Trusted Platform Module Basics: Using TPM in Embedded Systems (Embedded Technology) PAP/CDR Edition

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ISBN-13: 978-0750679602
ISBN-10: 0750679603
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Trusted Platform Module Basics: Using TPM in Embedded Systems (Embedded Technology) + A Practical Guide to Trusted Computing
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Editorial Reviews

From the Back Cover

Security has become a key design consideration for many embedded engineers due to the significant advances in embedded systems’ networking capabilities. However, system security is difficult to manage, and the typical size, power, and cost limitations faced by embedded developers inhibit their use of many software-based cryptographic security models.

The Trusted Computing Group’s (TCG) Trusted Platform Module (TPM) open standard, which facilitates hacker-safe computing at the hardware level, presents a possible solution to this quandary. Although PC designers don’t particularly need to see inside the TPM’s “black box,” embedded engineers must become intimately familiar with its functionality to enable security measure customization that conserves space, memory, and power.

In this practical guide, expert author Steven Kinney cuts through the complexities of the lengthy TPM specification to provide a targeted, solid foundation for understanding the standard.

This book encapsulates everything readers need to know in order to take advantage of hardware security based on sound TCG standards. It introduces the TPM interface’s basic concepts, then discusses command compilation and execution in detail, focusing on the TPM key hierarchy and the specification itself. The author presents a methodology that allows developers to successfully integrate the TPM into an embedded design and to verify the TPM’s operation on a specific platform. Detailed real-world application examples throughout the book use the popular Atmel single-chip implementation of the TPM, which was created specifically for use in embedded designs.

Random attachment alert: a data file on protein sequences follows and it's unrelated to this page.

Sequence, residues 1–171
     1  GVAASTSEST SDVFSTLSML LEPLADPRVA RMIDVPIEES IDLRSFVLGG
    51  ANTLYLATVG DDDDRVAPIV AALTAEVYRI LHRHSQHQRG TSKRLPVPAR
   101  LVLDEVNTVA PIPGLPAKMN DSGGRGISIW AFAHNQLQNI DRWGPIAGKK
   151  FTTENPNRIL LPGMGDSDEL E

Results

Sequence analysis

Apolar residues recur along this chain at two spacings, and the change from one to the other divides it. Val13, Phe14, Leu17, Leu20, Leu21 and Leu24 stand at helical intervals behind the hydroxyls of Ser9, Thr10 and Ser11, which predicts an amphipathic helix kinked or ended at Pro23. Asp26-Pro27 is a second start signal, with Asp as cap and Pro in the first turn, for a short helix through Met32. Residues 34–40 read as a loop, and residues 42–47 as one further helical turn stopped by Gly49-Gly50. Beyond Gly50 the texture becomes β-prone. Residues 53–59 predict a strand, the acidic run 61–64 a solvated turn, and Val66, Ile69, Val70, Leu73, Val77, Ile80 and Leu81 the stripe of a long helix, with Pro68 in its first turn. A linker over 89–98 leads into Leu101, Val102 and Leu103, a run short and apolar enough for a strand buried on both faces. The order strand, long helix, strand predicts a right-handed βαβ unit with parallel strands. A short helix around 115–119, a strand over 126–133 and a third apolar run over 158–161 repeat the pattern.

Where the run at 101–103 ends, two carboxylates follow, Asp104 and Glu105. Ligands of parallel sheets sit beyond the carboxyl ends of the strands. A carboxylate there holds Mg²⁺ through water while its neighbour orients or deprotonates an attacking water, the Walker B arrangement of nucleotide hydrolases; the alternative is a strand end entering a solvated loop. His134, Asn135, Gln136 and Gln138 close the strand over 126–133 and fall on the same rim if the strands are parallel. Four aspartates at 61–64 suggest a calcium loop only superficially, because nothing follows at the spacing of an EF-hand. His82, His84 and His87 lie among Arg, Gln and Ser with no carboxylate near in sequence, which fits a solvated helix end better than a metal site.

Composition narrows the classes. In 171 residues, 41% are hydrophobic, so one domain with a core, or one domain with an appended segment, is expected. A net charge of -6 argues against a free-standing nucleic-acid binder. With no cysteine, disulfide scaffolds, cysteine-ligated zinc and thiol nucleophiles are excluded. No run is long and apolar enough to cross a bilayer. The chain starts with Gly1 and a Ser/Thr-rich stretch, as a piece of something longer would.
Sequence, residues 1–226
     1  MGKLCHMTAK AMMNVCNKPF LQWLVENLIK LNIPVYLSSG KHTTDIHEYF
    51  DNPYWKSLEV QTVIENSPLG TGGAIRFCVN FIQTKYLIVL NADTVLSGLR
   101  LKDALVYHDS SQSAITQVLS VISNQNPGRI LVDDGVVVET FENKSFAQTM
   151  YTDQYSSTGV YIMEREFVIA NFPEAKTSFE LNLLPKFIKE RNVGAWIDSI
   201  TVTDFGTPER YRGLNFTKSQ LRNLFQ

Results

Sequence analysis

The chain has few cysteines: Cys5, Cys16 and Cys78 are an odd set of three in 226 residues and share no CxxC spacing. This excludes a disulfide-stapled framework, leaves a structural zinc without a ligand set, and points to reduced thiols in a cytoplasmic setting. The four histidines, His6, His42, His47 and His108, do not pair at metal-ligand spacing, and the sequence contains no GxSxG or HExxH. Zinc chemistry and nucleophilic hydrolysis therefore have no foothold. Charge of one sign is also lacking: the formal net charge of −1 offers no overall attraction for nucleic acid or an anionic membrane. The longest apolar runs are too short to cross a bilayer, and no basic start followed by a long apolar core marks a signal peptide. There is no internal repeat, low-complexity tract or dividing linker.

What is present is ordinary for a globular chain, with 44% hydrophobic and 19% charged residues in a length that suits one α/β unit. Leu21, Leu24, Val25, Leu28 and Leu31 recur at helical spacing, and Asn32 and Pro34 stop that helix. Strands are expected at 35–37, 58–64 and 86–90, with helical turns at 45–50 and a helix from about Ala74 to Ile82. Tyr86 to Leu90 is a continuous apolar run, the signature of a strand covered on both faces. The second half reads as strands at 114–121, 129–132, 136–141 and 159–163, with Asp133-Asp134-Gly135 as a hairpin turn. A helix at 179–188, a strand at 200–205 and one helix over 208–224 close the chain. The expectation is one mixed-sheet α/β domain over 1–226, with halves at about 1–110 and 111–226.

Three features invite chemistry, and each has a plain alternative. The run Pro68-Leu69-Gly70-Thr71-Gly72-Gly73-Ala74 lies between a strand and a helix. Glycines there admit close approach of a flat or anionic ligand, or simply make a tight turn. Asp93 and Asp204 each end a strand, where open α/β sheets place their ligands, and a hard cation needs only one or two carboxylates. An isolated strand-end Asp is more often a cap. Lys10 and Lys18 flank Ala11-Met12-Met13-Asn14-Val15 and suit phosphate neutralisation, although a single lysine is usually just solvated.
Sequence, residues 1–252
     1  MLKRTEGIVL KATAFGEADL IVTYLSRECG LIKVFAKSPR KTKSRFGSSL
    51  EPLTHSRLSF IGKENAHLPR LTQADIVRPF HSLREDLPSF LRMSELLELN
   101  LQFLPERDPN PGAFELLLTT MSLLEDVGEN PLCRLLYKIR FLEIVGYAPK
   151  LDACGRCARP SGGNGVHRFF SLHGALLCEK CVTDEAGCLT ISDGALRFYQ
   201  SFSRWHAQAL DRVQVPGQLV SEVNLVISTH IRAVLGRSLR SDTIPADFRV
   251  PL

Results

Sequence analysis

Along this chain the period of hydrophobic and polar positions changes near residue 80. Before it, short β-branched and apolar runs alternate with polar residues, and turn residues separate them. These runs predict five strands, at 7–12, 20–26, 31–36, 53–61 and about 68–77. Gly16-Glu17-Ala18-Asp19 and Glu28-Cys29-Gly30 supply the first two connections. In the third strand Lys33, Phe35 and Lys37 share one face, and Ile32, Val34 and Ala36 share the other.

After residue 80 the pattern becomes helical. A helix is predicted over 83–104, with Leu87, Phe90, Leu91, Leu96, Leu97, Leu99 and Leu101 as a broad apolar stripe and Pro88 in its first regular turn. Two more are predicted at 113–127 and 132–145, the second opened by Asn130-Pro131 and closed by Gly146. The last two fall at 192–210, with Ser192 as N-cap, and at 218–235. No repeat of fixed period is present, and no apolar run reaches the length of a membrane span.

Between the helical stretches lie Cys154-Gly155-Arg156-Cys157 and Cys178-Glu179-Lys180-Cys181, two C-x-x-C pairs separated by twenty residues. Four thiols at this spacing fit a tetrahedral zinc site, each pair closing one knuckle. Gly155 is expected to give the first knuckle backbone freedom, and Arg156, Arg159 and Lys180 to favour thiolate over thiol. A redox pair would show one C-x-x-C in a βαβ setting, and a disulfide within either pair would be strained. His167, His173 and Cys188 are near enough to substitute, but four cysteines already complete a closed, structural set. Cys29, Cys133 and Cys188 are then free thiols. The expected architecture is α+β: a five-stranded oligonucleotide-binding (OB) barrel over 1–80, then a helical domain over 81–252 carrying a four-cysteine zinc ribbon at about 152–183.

Device drivers and useful tools are included on the accompanying CD-ROM.
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Product Details

  • Series: Embedded Technology
  • Paperback: 368 pages
  • Publisher: Newnes; PAP/CDR edition (August 8, 2006)
  • Language: English
  • ISBN-10: 0750679603
  • ISBN-13: 978-0750679602
  • Product Dimensions: 7.5 x 0.8 x 9.2 inches
  • Shipping Weight: 1.8 pounds (View shipping rates and policies)
  • Average Customer Review: 2.0 out of 5 stars  See all reviews (5 customer reviews)
  • Amazon Best Sellers Rank: #2,986,827 in Books (See Top 100 in Books)

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Customer Reviews

Most Helpful Customer Reviews

11 of 11 people found the following review helpful By Gunner D. Danneels on June 1, 2007
Format: Paperback
Wow, where to start? I guess with the introduction that contains errors of fact - RSA does not stand for random scheduling algorithm. This gets the book of to a really bad start and it just lurches along from there. This book is just full of details without any relevant context. The first chapter tells what calls to use to initialize the TPM for memory present and memory absent implementations, but doesn't define the difference between memory present and memory absent and why you would choose one over the other. Let alone not providing a context chapter and jumping right into providing call details. The writing style is the most confusing thing that I have ever run across, with irrelevant clauses included that just confuse the situation. I had to read it with a pen and cross out all of the irrelevant parts and then re-read the paragraph in order to understand it. It's a stream of conciousness technical book. As hard as the TCG specifications are to understand, this book doesn't make them any easier. I was hoping for a guided trip through the architecture to prepare me for tackling the specifications. I think the specifications are easier to read directly than this book.